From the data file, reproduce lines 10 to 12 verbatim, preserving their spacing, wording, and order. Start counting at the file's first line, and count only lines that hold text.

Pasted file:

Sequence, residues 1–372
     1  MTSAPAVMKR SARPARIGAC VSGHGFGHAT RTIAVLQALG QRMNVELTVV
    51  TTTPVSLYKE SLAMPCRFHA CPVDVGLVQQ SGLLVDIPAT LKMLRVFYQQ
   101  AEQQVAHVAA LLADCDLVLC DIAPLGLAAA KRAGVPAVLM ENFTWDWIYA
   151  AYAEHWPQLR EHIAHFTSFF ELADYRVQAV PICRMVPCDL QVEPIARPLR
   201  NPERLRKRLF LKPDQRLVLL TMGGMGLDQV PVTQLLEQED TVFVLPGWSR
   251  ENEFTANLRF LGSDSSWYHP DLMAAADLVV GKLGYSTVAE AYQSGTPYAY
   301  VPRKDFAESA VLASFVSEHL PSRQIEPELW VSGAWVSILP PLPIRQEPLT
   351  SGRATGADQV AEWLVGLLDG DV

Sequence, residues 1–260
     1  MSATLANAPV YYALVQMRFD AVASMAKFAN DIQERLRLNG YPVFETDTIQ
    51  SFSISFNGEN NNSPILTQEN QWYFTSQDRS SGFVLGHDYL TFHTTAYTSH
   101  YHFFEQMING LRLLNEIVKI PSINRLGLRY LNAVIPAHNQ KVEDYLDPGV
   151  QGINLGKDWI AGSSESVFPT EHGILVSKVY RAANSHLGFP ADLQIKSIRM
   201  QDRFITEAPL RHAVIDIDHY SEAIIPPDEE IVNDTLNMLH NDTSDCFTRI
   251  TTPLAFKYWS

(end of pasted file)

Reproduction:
Sequence, residues 1–260
     1  MSATLANAPV YYALVQMRFD AVASMAKFAN DIQERLRLNG YPVFETDTIQ
    51  SFSISFNGEN NNSPILTQEN QWYFTSQDRS SGFVLGHDYL TFHTTAYTSH